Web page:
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Conversation with Kaushal Satish Shah

Interviewee: 
Shah, Kaushal Satish
Contributor: 
Bailey, Kim
Interviewer: 
Davis, Boyd
Date of Interview: 
2003-09-07
Identifier: 
LGSH0367
Subjects: 
Stories and storytellers; Cultural identification
Abstract: 
Kaushal Satish Shah retells in English three Indian folktales he had earlier narrated in Gujarati.
Collection: 
Charlotte Narrative and Conversation Collection
Collection Description: 
Dr Boyd Davis and Kim Bailey interviewed Charlotte, NC residents to collect various stories for a project at UNC Charlotte.
Transcript:
KB (Kim Bailey): Testing, testing. Here it is.
KS (Kaushal Satish Shah): OK, it's running?
KB: Yeah, you just have to press them both at the same time.
KS: OK. All right.
KB: You might to unplug the, yeah.
KS: Yeah. I've got it. Thanks, thanks so much.
KB: ( ) [Rustling]
KS: OK. [Pause]
KB: [Whispering] [Laugh]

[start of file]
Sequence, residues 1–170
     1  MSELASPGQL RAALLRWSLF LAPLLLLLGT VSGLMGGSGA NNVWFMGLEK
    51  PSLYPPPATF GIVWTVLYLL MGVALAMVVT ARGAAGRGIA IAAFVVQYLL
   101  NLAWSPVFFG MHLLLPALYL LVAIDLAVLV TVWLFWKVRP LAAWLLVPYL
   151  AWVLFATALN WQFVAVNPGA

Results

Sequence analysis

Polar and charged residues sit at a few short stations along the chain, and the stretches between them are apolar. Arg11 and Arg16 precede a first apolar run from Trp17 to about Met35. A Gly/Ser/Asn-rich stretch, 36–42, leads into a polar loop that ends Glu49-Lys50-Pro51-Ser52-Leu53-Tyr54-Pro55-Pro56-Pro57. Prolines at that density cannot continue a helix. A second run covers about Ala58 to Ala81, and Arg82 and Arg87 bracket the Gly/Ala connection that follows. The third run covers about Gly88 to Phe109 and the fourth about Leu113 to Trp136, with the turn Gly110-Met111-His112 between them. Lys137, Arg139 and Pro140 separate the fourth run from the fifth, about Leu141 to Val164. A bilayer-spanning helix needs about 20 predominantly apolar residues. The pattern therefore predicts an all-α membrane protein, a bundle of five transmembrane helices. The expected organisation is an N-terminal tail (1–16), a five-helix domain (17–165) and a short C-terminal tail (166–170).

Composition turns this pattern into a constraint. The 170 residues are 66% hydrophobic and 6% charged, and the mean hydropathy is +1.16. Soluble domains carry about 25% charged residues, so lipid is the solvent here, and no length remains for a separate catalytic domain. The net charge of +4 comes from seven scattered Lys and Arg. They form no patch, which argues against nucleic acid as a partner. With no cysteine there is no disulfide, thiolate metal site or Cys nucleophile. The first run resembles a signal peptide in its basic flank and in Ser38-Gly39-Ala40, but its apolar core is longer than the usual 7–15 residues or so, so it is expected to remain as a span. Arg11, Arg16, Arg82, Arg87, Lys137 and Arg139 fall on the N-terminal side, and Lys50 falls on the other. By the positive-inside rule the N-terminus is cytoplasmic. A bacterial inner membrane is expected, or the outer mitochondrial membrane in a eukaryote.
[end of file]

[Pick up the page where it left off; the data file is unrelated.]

KS: Thank you so much. [Door closes] All right. I shall now narrate to you the stories, which I narrated earlier in Gujarati, in English. The first story which I said was about Chandanbala. Here's how the story goes. Vasumati was the princess of Champanagari. She was clever, learned and possessed many an art and abilities along with being devout and virtuous. Her father, a great king, was powerful but a peace loving-person. Even he was not spared [clears throat] by the onslaught of war in which he was killed, and Vasumati, a child barely 12 years old, and her mother were taken captive by the enemy. Her mother sacrificed her life to save her own honor. Little Vasumati had faith in God and prayed for protection. Seeing the dead mother and a very young girl at hand, the hostile's evil intentions got watered down. He thought of selling this small girl as a slave in the market. Being young and beautiful, he was sure to get a good price. He put her up for sale in the town market and found many bidders. How fate brought down a princess to the level of being sold as slave. But, as luck would have it, Dhanavarshi Seth, a wealthy businessman, happened to pass by. He saw the girl and at once realized that such a beautiful girl could only be of some noble birth. He decided that if he allowed this girl to be sold in this market, fate can be very cruel to her. So he paid the price for her and took her home. He told his wife that they would look after her as their own daughter, since, in any case, they were childless. His wife was all too glad to take care of this child. And she was brought up by this Seth and Sethani. As she grew up, her beauty and sweet voice so impressed this Seth, he felt as soothing to hear her voice as much as the coolness of Sandal. That's how she got the name Chandanbala. Her beauty grew with her age and the Sethani felt that this beauty might capture her husband's heart and she would be left in the lurch. This fear and jealousy built up in her mind as days went by. So much so, when the Seth went out of town, she imprisoned Chandanbala in a room, without food and water, tying her up with shackles, shaved off her head, in an attempt to deprive her of beauty. Chandanbala, though she did not know for what sh-, she had done and for being punished, kept her cool. She prayed to God for protection. She was thus imprisoned for three days. Being without food and water, she took to fasting. As fate would have it, Bhagwan Mahaveer was on a fast for a very long time. He had taken a secret vow to break the fast only on certain conditions being fulfilled. He went from one town to another in search of food suitable to his secret vow, but could not find any. This way he spent five months and 25 days in fasting. On his return, the Sethasked for Chandanbala, who was not to be seen. While his wife was out, the neighbor confided in the Seth and told about the plight that Chandanbala was in. The Seth went to the dark room and was aghast to see the condition Chandanbala was in. He, at once, gave her some boiled grams, the only food, then, at hand, and asked Chandanbala to break her fast. And he went off to call a blacksmith to break the shackles. Chandanbala decided to break the fast only after making a holy offering of the food to any sadhu or monk. So she sat at the doorway to see if any sadhu passed by. On this fateful day, Bhagwan Mahaveer was passing by. He saw Chandanbala, who, with reverence, offering this frugal food to him. Food offered out of one's own share to a saint is the Holy offering. So she was all too glad to offer some of it to Mahaveer. Bhagwan Mahaveer too saw almost all the self-imposed conditions being fulfilled. And so he went close enough to receive the offering. But the joy on Chandanbala's face was one condition against his desire and so he turned away. Chandanbala, utterly dismayed, prayed to the Lord, asking Him what was wrong with her offering. She had tears in her eyes and devotion in her voice. So Mahaveer turned back and saw tears in her eyes. This fulfilled all the conditions set himself to take any offering. The moment he accepted the offering, miracles took place- the shackles broke off and wealth showered from the sky and all round there was an air of Divinity. Chandanbala went on to become Bhagwan Mahaveer's first female disciple or Shishya, who, after taking to sainthood, spread the preachings of Mahaveer far and wide. [Pause] The next story, which I had narrated in Gujarati, was about a poor woodcutter who had a lot of faith in God. This is how the story goes. There was a poor woodcutter. He earned his livelihood by cutting wood from the forest and selling it in the town. Though he was poor, he was devoted to the Almighty. He had full faith in God. One day, while cutting wood from atop a tree, his axe accidentally fell into a river alongside. He fell into a state of sorrow because he lost his only means of livelihood. He had faith in God. And so, with full devotion, he started praying and sought the help of the Almighty to get back his axe. "Oh God, Show me a way out." He prayed with such devotion that God Himself appeared before him and asked him, "Tell me my son, what do you seek?" The woodcutter told God his whole story and asked God to help him to carry on with his livelihood, and for this he requested God to help him get back his axe. God, at once, got from the river a golden axe and offered to the wood cutter. "Here is your axe." The woodcutter was honest. He refused to take it. "This Golden axe is not mine." So God once again got another axe from the river. This one was a silver axe. He offered it to the woodcutter. "Then this must be yours." Once again the woodcutter denied it and refused to take it. So the third time God brought from the river an axe made of iron. The woodcutter was very happy. He accepted it with joy, "Yes God, this is my axe." God saw that he was not merely devoted to him but also very honest and sincere. So God was pleased with him and gave him all the three axes and gave him lots of wealth and life full of joy and happiness. A true and sincere devotee can obtain from God lots of joy and happiness.